2016, Donald Trump, Guest Post, Hillary Clinton — November 3, 2016 at 3:17 pm

It’s not just Hillary. It’s the system.


The following essay was written by Lonnie Scott, Executive Director of Progress Michigan and an elected official in Ypsilanti.


It should be an easy decision.

And for many Americans, myself included, it will be. Tuesday’s choice – between a lifelong public servant and a racist, misogynistic billionaire – is as clear as it gets.

But in districts across our state, it’s still too close to call. Many remain undecided. Others will stay home or vote third party in protest. And that says more about the state of our crumbling republic than it does about Hillary Clinton or Donald Trump.

What we’re seeing is a crisis of democracy. Americans aren’t just turning against individual political players. The whole game is being called into question.

This fall, voters are lashing out against the system that has been rigged against them and in favor of wealthy corporations – products of which include jobs being shipped overseas, kids being saddled with crushing debt, and home foreclosures. It is a system, as Black Lives Matter reminds us, in which our elected leaders are still painfully slow to address social or racial injustice but lightning-quick to bail out banks and bomb foreign lands.

People are right to be outraged. For many voters, Clinton’s candidacy has come to symbolize this system – even though Republicans bear more responsibility for pushing disastrous policies and blocking even the most basic attempts at reform that have led to the crisis we find ourselves in today.

It is in this vacuum that Donald Trump has emerged, speaking the language of the dispossessed while promising to make this country unlivable for people of color, women, and – perhaps most of all – immigrants.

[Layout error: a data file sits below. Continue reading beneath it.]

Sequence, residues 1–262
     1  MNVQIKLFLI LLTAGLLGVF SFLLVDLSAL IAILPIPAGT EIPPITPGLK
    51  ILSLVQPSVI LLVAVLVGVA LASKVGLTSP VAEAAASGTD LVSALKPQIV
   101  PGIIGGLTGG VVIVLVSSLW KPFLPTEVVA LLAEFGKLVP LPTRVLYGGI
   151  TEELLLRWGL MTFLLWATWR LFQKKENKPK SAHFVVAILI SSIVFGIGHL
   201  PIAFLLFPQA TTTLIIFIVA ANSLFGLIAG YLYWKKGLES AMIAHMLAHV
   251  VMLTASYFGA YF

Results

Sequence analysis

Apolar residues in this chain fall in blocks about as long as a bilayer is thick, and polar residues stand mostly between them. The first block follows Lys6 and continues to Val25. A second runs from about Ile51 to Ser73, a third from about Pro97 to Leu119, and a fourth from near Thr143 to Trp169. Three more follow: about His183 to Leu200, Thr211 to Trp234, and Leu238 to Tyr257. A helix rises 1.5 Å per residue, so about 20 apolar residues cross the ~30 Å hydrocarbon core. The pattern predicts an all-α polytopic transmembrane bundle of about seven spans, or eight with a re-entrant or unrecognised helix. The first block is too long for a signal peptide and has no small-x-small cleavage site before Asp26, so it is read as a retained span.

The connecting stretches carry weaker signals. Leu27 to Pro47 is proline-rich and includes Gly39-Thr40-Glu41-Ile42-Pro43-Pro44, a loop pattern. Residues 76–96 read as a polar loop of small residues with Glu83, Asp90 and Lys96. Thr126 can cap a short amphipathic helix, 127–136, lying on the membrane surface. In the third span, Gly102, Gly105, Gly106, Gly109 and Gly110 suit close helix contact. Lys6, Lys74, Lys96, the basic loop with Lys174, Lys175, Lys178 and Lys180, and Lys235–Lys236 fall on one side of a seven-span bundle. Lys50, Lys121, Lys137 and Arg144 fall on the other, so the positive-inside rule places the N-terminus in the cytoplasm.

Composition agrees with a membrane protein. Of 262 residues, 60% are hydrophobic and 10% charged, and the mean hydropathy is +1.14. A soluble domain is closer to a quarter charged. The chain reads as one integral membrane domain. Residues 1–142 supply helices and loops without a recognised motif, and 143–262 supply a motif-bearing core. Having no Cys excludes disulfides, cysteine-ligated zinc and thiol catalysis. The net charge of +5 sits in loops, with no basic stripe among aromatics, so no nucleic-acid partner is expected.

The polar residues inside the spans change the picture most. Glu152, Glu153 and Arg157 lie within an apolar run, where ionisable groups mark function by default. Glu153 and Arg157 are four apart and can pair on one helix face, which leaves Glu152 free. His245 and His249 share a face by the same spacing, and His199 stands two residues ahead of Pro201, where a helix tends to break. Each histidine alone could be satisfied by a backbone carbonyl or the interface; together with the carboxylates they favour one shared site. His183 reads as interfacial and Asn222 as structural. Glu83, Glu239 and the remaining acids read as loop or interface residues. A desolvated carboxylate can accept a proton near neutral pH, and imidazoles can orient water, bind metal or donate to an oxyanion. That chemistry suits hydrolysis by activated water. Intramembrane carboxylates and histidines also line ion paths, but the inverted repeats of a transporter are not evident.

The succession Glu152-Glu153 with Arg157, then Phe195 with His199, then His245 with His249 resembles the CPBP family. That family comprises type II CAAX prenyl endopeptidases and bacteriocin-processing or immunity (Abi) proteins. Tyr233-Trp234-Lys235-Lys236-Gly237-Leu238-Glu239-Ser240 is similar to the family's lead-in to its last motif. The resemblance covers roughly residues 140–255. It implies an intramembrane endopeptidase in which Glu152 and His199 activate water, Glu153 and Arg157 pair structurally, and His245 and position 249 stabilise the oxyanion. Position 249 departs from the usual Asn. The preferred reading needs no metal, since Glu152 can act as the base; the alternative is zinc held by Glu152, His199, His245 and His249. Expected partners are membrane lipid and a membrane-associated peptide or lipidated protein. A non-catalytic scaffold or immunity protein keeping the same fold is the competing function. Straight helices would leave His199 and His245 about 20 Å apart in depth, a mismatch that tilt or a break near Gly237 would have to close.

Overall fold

“What the hell do you have to lose?” he bellows at his rallies. More disturbing than the question is the applause that follows – the noise of millions of Americans not all that different from you and me, who find themselves replying, “Nothing.”

This is a dangerous sentiment, not so much for the hopelessness it betrays as for the nihilism it is willing to embrace. Trump has become an outlet for people who believe positive reform is impossible – that the only option left is rebuilding from the ashes.

The only way for progressives to challenge this authoritarian flirtation is to address its root causes: we must work together to build the America we want to see, to fight boldly for investments in education, housing, and healthcare, particularly women’s healthcare; to press for living-wage jobs and the right to form unions; to end state violence against communities of color at home and abroad; and to rein in corporate influence at all levels of U.S. domestic and foreign policy.

It is not enough to beat Trump at the polls next week. Unless we come together to redress the justified sense of loss and rage that has exploded into the open this election season, defeating Trump and the forces he represents will be a hollow, and all too brief, victory.